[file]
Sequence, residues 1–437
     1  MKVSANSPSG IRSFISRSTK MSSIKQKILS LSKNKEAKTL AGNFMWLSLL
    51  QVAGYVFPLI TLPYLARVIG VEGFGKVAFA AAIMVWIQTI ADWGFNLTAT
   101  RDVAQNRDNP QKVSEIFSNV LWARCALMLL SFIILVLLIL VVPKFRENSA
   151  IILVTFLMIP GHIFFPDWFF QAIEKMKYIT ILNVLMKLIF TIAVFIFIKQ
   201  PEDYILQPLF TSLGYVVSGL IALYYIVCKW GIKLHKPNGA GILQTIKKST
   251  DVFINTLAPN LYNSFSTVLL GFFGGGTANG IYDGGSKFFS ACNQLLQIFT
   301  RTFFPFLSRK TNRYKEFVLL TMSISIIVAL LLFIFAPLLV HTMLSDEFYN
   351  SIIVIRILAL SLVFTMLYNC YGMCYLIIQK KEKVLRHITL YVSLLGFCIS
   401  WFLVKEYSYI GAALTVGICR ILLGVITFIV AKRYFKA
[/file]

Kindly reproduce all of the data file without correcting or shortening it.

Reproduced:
Sequence, residues 1–437
     1  MKVSANSPSG IRSFISRSTK MSSIKQKILS LSKNKEAKTL AGNFMWLSLL
    51  QVAGYVFPLI TLPYLARVIG VEGFGKVAFA AAIMVWIQTI ADWGFNLTAT
   101  RDVAQNRDNP QKVSEIFSNV LWARCALMLL SFIILVLLIL VVPKFRENSA
   151  IILVTFLMIP GHIFFPDWFF QAIEKMKYIT ILNVLMKLIF TIAVFIFIKQ
   201  PEDYILQPLF TSLGYVVSGL IALYYIVCKW GIKLHKPNGA GILQTIKKST
   251  DVFINTLAPN LYNSFSTVLL GFFGGGTANG IYDGGSKFFS ACNQLLQIFT
   301  RTFFPFLSRK TNRYKEFVLL TMSISIIVAL LLFIFAPLLV HTMLSDEFYN
   351  SIIVIRILAL SLVFTMLYNC YGMCYLIIQK KEKVLRHITL YVSLLGFCIS
   401  WFLVKEYSYI GAALTVGICR ILLGVITFIV AKRYFKA